The vaccine ensures that the unborn lambs have the appropriate antibodies in their system to protect them against disease. Heptavac significantly reduces lamb mortality by counteracting signs of lamb dysentery, tetanus and other illnesses a lamb may succumb to in the first stages of their lives. The lambs will also receive an additional dose four weeks after birth giving them an extra boost to protect against a number of diseases including lamb dysentery.
"Our first year FdSc Agriculture students gave the ewes the injection subcutaneously into their necks. This gives them practical experience of handling the ewes, identifying the best place for the injection and giving them the vaccine. Records are an important part of the process to provide a reference for the future. The date and dose of the vaccination is registered against each sheep’s Electronic Identification (EID) microchip number. The sheep have two identifiers if they are aged 12 months and over – their microchip and an ear tag.
"The EID utilises a unique animal identification code which is transmitted via an electronic identifier. They enable the movements of the sheep to be tracked, which provides more accurate recordkeeping for the farm. Both the microchip and tags are individual to the sheep, which means that immunisations of this nature can be recorded digitally and create a lasting record of the animal’s vaccination history. This provides an overview of the health of the flock and a mechanism to make comparisons across the herd if required.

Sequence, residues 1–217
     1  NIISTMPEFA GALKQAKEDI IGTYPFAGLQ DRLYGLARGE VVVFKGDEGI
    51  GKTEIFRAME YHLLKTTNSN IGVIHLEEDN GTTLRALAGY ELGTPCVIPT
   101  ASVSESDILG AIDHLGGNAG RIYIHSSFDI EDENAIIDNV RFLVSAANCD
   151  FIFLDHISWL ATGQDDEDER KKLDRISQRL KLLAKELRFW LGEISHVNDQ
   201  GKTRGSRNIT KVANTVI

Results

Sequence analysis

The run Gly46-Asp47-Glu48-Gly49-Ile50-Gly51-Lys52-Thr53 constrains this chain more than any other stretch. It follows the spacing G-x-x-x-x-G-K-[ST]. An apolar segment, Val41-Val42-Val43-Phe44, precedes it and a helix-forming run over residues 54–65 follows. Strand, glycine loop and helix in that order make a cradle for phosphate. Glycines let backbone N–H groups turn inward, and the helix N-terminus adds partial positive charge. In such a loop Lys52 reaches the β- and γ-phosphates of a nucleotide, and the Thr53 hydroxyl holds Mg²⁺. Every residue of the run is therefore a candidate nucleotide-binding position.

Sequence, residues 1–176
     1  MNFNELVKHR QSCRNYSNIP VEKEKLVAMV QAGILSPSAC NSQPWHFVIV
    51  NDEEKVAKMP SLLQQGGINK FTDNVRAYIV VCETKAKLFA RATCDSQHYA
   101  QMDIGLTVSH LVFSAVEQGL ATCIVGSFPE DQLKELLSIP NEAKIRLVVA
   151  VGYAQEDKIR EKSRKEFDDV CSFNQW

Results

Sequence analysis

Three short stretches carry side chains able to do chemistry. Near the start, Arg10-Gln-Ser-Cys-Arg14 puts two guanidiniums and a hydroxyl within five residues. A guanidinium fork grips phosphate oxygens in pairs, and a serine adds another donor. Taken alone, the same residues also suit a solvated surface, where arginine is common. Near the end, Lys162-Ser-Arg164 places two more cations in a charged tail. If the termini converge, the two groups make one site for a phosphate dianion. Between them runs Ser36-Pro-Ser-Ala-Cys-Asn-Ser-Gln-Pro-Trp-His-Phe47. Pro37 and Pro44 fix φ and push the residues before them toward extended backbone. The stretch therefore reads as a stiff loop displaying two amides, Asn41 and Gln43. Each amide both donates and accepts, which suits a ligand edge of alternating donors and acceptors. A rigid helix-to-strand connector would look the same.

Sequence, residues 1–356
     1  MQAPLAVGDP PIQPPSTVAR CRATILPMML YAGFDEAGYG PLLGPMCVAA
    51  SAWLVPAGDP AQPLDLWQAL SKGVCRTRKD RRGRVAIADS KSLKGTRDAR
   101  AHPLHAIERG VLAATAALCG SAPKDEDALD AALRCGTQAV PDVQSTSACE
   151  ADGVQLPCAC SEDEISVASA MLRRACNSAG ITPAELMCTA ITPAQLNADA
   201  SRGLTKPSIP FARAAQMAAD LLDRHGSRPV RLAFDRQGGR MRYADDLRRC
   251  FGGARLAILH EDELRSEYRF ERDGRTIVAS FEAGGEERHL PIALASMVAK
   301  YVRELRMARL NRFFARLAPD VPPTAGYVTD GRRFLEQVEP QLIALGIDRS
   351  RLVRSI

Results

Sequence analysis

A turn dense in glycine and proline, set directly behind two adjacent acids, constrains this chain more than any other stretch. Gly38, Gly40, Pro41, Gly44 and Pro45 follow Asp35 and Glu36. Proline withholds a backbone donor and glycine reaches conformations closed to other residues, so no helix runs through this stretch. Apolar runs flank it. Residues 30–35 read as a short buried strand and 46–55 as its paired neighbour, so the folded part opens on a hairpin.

"Modern farming is increasingly leveraging data to make the sector more efficient, improve productivity and reduce its impact on the environment. Vaccinations and effective records play a crucial role in aiding farmers to make informed decisions about the future of the flock. Exposure to accurate recording practices in conjunction with this essential vaccination process familiarises our students with procedures and practices that are likely to become increasingly important in the future.
"We’ll keep you up to date on the ewe’s progress as we await the new arrivals!"
Emily Dowse, Lecturer in Livestock Science at Riseholme College